2) Metformin Use During Pregnancy

A review of several studies showed that metformin does not have any acute negative effects on pregnancy outcomes. However, there is not enough evidence regarding its prolonged use during pregnancy [67].

Moreover, several human studies have shown that metformin may decrease the relative risks of pregnancy complications, miscarriage, premature birth, and early pregnancy loss in women with polycystic ovarian syndrome [68, 69, 70, 71]. Basically, it is more important for women to regulate there glucose and insulin levels properly in pregnancy, than to avoid metformin.

3) Metformin Is Likely Safe While Breastfeeding

A study of seven women taking metformin immediately after they gave birth showed that although traces of the drug were found in the milk, they had no effects on the infant’s’ blood sugar levels, and were deemed insignificant [72].

4) Metformin May Pose a Risk to Patients with Liver Cirrhosis

Cirrhosis is the replacement of healthy liver tissue with scar tissue caused by chronic damage. A decreased oxygen concentration in blood traveling from the heart to the body (arterial hypoxemia) has been correlated with approximately one-third of patients with chronic liver damage [73].

Because this condition involves decreased blood flow, it heightens the risk of developing lactic acidosis, a serious potential complication of metformin caused by the buildup of lactic acid [74, 58, 35].

5) Metformin May Pose a Risk to Patients with Kidney Disease

Metformin may decrease kidney function in diabetics with co-existing kidney disease [75].

Drug Interactions of Metformin

The dose of metformin varies depending on what it is being used to treat, the age of the patient, and any previous health conditions or factors that could potentially interfere with or amplify the drug’s effect. There are a host of medications thought to theoretically decrease metformin effectiveness (absorption in the gut and uptake in the liver), but most are thought not to do so in a clinically significant manner [1]. Below are some exceptions.

1) Other Diabetes Medications

Sitagliptin (Januvia), a dipeptidyl peptidase-4 (DPP-4) inhibitor, and repaglinide (Prandin), a meglitinide, can both decrease the effectiveness of metformin by inhibiting its absorption in the gut and uptake in the liver [1].

2) Antibiotics

The antibiotic trimethoprim may also decrease the effectiveness of metformin by inhibiting its absorption in the gut and uptake in the liver [1].

3) Anti-cancer Drugs

Like the previously mentioned drugs, anti-cancer medications such as imatinib, nilotinib, gefitinib, and erlotinib (tyrosine kinase inhibitors) may decrease the effectiveness of metformin by inhibiting metformin’s absorption in the gut and uptake in the liver [1].

4) Oral Contraceptives

Although the combination of oral contraceptives and metformin has not been documented to cause any harm, a retrospective study on 41 subjects has shown that oral contraceptives decrease metformin’s insulin-sensitizing effects, compared to metformin treatment alone [76].

5) Other Drugs

Other medications such as disopyramide, dipyridamole, imipramine, tacrine, orphenadrine, and cimetidine are also thought to inhibit metformin’s absorption in the gut and uptake in the liver [1].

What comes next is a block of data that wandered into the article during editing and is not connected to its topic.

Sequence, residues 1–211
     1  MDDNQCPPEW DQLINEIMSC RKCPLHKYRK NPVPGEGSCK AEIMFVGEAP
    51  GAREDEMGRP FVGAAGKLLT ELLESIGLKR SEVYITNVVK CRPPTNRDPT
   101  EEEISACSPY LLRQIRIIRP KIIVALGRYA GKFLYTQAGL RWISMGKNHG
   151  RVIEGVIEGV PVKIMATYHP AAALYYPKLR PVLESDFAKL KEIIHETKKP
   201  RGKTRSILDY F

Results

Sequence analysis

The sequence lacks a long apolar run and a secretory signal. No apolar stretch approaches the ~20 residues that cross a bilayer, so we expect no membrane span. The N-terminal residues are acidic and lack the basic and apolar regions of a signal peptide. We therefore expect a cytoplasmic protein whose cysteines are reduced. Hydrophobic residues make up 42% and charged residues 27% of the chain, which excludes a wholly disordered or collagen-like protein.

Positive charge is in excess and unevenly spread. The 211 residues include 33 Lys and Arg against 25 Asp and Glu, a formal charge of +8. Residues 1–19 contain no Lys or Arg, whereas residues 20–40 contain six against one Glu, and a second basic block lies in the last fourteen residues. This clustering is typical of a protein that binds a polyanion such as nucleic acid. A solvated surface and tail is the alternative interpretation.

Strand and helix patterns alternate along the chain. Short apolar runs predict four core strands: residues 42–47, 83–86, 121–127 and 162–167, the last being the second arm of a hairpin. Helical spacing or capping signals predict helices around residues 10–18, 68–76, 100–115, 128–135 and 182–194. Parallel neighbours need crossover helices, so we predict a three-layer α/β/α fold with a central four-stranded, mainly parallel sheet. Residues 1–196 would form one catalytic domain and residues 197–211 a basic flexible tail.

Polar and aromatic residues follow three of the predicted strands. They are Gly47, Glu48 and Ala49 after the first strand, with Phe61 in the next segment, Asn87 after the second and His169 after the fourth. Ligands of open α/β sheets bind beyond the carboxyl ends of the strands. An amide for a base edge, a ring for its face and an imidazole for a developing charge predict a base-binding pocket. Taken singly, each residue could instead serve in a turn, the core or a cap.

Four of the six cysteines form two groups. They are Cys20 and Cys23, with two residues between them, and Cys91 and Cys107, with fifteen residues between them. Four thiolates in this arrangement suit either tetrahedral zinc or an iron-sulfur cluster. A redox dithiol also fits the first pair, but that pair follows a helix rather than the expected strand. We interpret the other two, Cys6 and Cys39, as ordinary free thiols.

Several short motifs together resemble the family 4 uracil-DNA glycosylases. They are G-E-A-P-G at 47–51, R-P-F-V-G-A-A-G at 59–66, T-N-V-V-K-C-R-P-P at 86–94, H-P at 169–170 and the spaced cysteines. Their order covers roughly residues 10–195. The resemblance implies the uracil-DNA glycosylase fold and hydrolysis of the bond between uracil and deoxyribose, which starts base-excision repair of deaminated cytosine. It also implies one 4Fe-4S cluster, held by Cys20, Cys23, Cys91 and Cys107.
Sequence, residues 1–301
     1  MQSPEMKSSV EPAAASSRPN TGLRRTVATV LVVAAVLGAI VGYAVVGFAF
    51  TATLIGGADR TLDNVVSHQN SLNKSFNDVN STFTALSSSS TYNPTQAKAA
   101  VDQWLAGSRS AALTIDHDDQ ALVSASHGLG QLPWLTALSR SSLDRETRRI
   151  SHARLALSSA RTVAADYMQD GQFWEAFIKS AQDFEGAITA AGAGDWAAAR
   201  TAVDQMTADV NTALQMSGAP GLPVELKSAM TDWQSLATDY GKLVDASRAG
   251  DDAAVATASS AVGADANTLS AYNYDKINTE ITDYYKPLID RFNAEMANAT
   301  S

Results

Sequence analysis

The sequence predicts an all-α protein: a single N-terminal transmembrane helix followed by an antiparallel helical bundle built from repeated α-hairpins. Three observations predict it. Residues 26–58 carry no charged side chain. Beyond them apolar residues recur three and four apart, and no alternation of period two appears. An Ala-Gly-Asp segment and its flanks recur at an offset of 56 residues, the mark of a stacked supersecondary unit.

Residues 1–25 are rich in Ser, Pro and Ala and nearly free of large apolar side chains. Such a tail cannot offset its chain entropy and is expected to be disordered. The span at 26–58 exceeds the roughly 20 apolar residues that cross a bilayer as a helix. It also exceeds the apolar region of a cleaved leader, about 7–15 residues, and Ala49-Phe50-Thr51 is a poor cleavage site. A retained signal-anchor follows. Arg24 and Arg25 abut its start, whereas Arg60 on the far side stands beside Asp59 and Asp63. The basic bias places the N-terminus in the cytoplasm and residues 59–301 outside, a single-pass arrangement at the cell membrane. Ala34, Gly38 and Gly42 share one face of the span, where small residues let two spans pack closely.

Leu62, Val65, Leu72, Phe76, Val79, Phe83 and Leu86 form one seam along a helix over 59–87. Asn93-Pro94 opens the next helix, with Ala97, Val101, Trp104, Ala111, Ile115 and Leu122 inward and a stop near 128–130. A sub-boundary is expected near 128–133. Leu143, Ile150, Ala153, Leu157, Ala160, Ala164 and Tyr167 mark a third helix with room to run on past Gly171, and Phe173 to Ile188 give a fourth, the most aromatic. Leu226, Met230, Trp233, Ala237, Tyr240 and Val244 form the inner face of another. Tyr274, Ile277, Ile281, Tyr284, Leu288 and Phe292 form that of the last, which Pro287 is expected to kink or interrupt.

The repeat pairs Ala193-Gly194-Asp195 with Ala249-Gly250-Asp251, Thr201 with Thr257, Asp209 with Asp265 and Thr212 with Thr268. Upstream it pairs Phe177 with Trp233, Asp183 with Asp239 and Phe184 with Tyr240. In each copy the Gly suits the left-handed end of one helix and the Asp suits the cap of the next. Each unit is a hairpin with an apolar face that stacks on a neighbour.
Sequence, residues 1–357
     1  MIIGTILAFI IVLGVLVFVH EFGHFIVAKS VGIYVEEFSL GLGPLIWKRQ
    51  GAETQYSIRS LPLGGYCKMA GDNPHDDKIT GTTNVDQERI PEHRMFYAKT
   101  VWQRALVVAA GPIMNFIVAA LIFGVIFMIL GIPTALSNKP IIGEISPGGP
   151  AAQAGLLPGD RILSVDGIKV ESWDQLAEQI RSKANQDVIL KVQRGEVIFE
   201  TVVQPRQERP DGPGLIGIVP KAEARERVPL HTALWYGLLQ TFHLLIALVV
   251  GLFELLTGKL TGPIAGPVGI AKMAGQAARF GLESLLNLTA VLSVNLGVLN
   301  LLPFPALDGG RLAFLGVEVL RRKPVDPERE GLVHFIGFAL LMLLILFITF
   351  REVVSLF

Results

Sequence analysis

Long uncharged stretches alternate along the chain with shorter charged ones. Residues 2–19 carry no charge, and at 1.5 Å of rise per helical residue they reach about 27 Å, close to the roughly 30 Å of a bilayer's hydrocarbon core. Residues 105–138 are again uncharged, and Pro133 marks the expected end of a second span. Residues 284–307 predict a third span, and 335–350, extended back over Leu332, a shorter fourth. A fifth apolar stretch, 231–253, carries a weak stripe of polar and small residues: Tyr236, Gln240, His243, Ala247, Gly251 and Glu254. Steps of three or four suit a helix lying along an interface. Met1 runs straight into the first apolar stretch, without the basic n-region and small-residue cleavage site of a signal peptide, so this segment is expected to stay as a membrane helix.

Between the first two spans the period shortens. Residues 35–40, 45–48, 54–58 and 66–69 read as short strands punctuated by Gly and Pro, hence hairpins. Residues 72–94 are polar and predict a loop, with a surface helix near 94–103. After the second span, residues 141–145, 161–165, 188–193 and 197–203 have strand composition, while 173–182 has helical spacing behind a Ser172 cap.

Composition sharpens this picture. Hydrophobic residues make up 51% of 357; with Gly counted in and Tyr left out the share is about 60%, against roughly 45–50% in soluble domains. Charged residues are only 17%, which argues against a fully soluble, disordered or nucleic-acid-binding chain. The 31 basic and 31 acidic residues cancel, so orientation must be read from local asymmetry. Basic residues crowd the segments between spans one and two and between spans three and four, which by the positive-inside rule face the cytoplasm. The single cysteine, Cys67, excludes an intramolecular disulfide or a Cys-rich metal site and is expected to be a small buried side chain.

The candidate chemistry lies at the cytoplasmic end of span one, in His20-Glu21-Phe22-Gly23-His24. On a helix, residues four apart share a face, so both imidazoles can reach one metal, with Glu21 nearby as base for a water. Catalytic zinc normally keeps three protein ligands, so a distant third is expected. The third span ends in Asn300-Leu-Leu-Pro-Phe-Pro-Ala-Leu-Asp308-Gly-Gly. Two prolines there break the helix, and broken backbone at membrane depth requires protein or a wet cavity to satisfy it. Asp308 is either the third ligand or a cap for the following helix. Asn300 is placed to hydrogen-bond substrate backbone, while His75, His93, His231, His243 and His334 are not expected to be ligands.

6) Alcohol Intake Counteracts Metformin Effects

Heavy alcohol use leads to dehydration and causes a lowered level of oxygen in the blood, increasing a patient’s risk of lactic acidosis, one of the metformin’s most common side effects. Frequent drinking also decreases blood sugar, which may lead to complications when in combination with metformin [35].

What to Know About Using Metformin

Forms and Dosage of Metformin

Metformin is available in immediate-release and extended-release formulations. Doses are in the 500 to 2,550 mg range and are usually taken with food twice daily with the immediate-release and once daily with the extended-release. It is also included in combination with other anti-diabetic medications in certain medications (rosiglitazone and metformin – Avandamet, glyburide and metformin – Glucovance) [3].

Metformin Compared with Other Antidiabetic Medications

Compared to insulin and sulfonylureas (glyburide, glimepiride, glipizide, chlorpropamide), metformin shows a lower incidence of weight gain and fewer instances of critically lowered blood sugar (which can lead to health complications) [77].

Rosiglitazone (Avandia) is more effective than both metformin and sulfonylurea in the delay of type 2 diabetes onset but has more adverse side effects than metformin (including weight gain, increased “bad” cholesterol levels, swelling in certain areas of the body, and decreased red blood cells) [78].

A review of 347 human studies indicated that metformin did not pose a higher risk of lactic acidosis in comparison to other treatments for diabetes or placebo. However, this study did not take into account patients especially at risk for the condition [79].

Diabetic patients taking either metformin or sulfonylureas have a similar risk of developing cancer [80].

Sulfonylureas can increase the risk of Parkinson’s disease for patients with type 2 diabetes. This effect is often neutralized by the addition of metformin to treatment [81].

Click here to subscribe


1 Star2 Stars3 Stars4 Stars5 Stars
(14 votes, average: 4.43 out of 5)

FDA Compliance

The information on this website has not been evaluated by the Food & Drug Administration or any other medical body. We do not aim to diagnose, treat, cure or prevent any illness or disease. Information is shared for educational purposes only. You must consult your doctor before acting on any content on this website, especially if you are pregnant, nursing, taking medication, or have a medical condition.